Follow the WDRB Newsroom, Reporters and Anchors.More >>
Tweets from the WDRB Newsroom, Reporters and Anchors.More >>
LOUISVILLE, Ky. (WDRB) -- The weather may not feel like it, but the opening of Churchill Downs spring meet is only about a month away. And the track will look much different than when it closed for the season last fall.
Churchill Downs is spending more than $26 million to improve the experience for its customers at the track.
Constructions crews are working seven days a week to make sure the new Churchill Downs gets smoothly out of the starting gate.
They're building a 51,000 square foot terrace just east of the existing grandstand - adding more seating, more restrooms and more concessions.
Crews are also erecting the world's largest video screen, called the "Big Board." It's 15,000 square feet of super-high definition.
"We did a lot of research after last year's Oaks and Derby, talking to our customers trying to figure out what they were looking for, what we cold do to make their experience better," said Ryan Jordan, General Manager of Churchill Downs.
The track is also renovating 15,000 square feet of indoor space.
It's all part of Churchill Downs' effort to transform itself from just a horse-track, to a full-scale entertainment venue.
"We're in competition with sporting venues throughout the country with all of the amenities," said Churchill Downs President Kevin Flanery. "We've got to deal with the fact that people can sit at home and watch it on TV. We want to make sure that they can have a better experience than they can on their couch at home.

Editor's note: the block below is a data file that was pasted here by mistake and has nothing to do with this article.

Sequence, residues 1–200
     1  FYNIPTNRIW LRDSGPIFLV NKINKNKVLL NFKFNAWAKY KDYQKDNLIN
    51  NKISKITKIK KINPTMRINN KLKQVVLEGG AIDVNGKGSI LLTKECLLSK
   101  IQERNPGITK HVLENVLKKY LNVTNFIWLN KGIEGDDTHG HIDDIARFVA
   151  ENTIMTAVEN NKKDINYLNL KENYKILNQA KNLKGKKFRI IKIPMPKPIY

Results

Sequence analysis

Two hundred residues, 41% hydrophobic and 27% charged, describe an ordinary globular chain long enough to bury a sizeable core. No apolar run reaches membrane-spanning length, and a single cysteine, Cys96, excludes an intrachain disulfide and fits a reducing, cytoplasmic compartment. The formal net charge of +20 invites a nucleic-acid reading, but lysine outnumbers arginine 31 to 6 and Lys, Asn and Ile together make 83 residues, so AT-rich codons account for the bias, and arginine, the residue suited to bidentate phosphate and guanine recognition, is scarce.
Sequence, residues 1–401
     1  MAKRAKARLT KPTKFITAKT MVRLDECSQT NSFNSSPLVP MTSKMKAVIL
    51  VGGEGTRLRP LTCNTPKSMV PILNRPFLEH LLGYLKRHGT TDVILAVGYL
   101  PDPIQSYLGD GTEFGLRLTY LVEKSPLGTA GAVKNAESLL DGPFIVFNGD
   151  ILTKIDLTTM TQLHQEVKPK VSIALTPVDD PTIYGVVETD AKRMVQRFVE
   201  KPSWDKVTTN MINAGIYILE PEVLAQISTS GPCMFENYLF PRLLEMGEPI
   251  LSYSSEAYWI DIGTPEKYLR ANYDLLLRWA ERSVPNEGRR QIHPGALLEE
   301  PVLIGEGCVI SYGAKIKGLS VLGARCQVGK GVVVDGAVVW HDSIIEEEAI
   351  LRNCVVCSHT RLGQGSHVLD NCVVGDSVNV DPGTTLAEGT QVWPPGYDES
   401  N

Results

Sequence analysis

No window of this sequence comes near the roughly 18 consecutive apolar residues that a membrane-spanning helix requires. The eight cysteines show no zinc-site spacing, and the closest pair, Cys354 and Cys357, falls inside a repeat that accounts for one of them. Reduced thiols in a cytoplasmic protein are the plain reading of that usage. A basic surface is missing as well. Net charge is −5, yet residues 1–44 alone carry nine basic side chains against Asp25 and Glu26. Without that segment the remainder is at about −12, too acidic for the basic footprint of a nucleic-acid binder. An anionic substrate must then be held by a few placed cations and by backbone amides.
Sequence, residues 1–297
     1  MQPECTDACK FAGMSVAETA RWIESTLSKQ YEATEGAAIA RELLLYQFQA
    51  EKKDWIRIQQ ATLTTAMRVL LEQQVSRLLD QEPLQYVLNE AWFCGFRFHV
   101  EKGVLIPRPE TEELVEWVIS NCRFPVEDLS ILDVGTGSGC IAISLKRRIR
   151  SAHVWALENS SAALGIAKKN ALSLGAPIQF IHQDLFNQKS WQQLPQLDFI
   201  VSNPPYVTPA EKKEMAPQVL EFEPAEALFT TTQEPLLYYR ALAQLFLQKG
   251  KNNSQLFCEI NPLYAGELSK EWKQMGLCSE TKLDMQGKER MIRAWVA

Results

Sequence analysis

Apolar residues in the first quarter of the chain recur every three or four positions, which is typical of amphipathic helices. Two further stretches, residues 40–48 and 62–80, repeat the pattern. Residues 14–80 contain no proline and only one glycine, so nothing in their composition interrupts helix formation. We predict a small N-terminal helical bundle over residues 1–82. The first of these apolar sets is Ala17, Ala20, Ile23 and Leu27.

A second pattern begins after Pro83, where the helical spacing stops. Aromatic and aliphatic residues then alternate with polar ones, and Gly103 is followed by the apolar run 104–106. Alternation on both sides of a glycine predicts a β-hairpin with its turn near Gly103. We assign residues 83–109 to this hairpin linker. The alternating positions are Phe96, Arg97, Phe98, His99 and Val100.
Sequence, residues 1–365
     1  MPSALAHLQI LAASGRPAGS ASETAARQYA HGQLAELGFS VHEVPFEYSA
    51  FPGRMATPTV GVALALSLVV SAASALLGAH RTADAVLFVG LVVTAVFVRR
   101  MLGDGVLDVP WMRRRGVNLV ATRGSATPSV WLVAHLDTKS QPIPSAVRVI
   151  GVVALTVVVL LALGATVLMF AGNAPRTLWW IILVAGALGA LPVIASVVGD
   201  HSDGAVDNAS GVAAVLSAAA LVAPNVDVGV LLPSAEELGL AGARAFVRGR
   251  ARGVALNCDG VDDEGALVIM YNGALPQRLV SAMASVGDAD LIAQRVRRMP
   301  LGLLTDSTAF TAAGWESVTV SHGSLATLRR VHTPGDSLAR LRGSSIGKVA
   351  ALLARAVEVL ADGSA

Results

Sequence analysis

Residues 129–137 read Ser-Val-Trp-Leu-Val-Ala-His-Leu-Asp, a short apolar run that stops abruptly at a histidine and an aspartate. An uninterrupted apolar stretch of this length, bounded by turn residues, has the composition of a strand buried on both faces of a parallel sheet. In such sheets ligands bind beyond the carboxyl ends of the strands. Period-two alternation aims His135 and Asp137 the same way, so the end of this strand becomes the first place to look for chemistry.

Larry Godbey has lived in the shadow of Churchill Downs for 75 years.
He can see the Big Board from his front yard. He says despite the additional lighting and sound, he still considers the track to be a good neighbor.
"I don't mind it. I'm used to the changes. I enjoy the people. I've met a lot of them. I've made a lot of friends," he said.
"They know how important Churchill Downs, the Derby is to this community. And when you talk to them, they want to be a part of making that tradition continue," said Flanery.
While the harsh winter did cause some construction delays, the contractor is confident the project will cross the finish line on time.